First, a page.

Re: 2 vs 4 engines: R&D costs too much ?

Date:         16 Sep 99 16:42:58 
Organization: - Share what you know. Learn what you don't.
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In article <airliners.1999.973@ohare.Chicago.COM>,
  JF Mezei <> wrote:
> A recent post mentioned the R&D mega expenditures required to produce
> the engine for the next 777 which is a big reason only one manufacturer
> will build one.
> I am starting to wonder if the extra cost of pushing  the "state of the
> art" limits to get the required performance on a twin is really worth
> all the effort ?
> Are we not getting to a point where conventional jet engines are
> reaching the top of the bell curve and any improvements will cost more
> and more ?
> On the other hand, by using 4 engines (or even 3), it allows you to use
> much more conventional technology which is not only cheaper  for R&D but
> has greater market and hence more competition.

Actually, your understanding of the situation is not
entirely correct.  Let me use GE's earlier involvement
in the A340X program as an example.  When Airbus was studying
what eventually became the A340-500/600, Airbus signed a
six-month exclusive engine study with GE.  At the end of the
engine study, GE concluded that they would have to spend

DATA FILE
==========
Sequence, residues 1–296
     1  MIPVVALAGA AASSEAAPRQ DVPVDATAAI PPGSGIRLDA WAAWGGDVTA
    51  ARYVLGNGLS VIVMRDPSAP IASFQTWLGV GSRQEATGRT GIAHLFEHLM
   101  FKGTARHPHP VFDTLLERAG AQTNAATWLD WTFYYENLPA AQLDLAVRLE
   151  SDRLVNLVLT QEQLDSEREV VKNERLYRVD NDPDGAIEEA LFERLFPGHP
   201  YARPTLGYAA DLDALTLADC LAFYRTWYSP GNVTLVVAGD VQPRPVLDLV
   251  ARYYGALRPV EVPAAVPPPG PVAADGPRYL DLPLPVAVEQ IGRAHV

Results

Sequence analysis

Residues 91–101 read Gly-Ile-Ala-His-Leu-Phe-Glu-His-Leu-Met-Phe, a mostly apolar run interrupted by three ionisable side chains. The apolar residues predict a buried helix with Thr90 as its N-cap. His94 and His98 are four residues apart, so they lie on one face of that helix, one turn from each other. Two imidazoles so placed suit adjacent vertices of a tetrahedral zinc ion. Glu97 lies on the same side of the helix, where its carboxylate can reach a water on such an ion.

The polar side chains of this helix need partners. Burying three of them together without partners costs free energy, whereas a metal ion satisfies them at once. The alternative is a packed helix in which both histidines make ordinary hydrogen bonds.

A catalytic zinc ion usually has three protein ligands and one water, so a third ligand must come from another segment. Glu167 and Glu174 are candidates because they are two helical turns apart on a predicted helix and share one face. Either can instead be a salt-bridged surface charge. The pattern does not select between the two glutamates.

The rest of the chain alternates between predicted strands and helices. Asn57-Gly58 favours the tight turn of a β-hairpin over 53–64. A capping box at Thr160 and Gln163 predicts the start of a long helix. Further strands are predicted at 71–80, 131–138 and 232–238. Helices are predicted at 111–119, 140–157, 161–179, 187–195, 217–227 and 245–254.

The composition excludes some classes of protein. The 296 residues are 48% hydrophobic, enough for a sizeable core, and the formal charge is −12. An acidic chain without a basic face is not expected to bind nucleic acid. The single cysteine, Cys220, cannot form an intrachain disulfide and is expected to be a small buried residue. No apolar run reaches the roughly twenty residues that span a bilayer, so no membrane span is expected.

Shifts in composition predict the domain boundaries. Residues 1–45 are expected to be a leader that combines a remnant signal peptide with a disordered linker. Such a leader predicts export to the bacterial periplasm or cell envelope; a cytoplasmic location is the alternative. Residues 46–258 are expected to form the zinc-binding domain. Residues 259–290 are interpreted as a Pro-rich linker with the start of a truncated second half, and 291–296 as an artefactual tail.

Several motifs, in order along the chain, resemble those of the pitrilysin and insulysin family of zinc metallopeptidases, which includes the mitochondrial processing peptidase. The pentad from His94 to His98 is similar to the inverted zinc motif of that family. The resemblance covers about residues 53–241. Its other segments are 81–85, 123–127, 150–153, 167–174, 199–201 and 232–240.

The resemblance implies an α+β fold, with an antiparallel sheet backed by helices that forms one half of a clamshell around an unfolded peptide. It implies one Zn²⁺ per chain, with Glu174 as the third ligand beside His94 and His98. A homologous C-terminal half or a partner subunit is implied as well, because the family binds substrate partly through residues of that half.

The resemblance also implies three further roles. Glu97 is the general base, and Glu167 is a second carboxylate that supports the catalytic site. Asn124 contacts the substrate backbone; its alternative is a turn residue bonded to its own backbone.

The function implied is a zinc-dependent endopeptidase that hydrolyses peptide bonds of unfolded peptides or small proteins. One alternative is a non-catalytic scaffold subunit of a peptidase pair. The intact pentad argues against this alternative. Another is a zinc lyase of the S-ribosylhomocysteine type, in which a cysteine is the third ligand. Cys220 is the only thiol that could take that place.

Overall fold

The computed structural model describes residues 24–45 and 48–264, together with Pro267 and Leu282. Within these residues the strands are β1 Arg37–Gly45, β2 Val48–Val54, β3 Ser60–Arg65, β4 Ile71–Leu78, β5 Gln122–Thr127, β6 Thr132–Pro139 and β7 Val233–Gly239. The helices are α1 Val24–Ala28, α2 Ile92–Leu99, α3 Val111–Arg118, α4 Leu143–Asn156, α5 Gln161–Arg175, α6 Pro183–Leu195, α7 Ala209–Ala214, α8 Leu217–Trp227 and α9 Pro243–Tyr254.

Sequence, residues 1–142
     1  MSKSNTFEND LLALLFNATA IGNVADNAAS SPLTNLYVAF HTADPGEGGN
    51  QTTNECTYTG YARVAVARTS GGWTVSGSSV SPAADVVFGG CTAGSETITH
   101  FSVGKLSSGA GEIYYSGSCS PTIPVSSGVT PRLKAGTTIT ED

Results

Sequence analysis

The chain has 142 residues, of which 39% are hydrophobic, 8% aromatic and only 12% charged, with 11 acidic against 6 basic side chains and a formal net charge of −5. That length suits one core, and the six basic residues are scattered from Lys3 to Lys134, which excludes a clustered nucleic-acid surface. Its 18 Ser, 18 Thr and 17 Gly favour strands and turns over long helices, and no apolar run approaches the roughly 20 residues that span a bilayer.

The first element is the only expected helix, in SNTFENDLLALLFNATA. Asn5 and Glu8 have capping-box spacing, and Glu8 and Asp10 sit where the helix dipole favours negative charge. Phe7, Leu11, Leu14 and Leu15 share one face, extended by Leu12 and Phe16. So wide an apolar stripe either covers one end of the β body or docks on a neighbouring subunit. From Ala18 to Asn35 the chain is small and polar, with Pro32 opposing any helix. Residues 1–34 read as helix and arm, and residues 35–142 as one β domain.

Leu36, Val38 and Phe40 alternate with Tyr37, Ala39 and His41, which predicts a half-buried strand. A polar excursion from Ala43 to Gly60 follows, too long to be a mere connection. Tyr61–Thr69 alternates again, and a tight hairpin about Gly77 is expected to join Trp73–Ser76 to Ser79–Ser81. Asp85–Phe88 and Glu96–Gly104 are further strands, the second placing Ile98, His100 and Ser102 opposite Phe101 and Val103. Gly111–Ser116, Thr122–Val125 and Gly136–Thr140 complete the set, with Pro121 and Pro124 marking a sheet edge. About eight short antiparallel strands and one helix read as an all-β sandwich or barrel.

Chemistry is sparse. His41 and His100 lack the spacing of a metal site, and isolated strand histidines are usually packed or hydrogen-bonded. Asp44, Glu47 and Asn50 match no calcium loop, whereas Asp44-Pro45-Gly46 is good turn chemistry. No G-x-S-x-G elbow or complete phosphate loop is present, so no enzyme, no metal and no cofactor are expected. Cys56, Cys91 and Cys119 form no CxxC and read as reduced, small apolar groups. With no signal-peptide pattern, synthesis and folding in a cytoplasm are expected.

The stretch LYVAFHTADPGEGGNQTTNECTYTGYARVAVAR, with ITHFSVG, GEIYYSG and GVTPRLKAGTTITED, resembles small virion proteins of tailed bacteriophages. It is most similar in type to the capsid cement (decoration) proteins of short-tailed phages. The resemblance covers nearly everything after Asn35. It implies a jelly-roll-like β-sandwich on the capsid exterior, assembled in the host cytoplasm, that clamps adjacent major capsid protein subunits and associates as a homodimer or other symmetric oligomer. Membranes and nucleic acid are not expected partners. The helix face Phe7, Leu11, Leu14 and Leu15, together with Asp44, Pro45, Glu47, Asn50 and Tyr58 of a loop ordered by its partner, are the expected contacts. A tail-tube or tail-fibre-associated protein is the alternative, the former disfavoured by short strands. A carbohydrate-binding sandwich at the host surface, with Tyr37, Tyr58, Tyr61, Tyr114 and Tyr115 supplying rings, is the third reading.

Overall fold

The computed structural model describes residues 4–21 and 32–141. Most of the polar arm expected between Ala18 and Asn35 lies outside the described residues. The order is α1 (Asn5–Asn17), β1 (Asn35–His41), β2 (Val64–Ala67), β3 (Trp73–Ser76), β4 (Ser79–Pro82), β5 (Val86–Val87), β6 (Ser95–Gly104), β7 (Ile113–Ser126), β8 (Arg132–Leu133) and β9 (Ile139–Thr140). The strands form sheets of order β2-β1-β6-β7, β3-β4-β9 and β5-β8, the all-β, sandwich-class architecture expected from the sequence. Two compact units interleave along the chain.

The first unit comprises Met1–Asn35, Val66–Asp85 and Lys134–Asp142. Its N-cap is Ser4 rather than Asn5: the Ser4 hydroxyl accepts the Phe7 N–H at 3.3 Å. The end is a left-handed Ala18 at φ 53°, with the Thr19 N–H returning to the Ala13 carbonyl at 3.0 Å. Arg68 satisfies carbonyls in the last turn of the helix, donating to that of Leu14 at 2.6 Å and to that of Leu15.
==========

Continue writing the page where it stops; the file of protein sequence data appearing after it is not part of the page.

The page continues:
US$1b for a brand new engine.  GE did not think the A340-500/600
market would be large enough to justify the US$1b investment, and
Airbus was unwilling to foot part of the cost.  Hence, GE walked
away from the exclusive deal (and Rolls-Royce won the eventual
competition with P&W mostly because P&W insisted on exclusivity).

On the B777X, GE is expected to spend US$500m for the derivative
engine development.  However, GE is also going to split half of
the airframe development cost with Boeing (around US$500m for GE)
in order to secure the exclusivity right on the airframe.

Thus, you can see, it's not more expensive to develop a big twin
engine.  However, the 115K-lb thrust engine is like to have only
one application in the near future.

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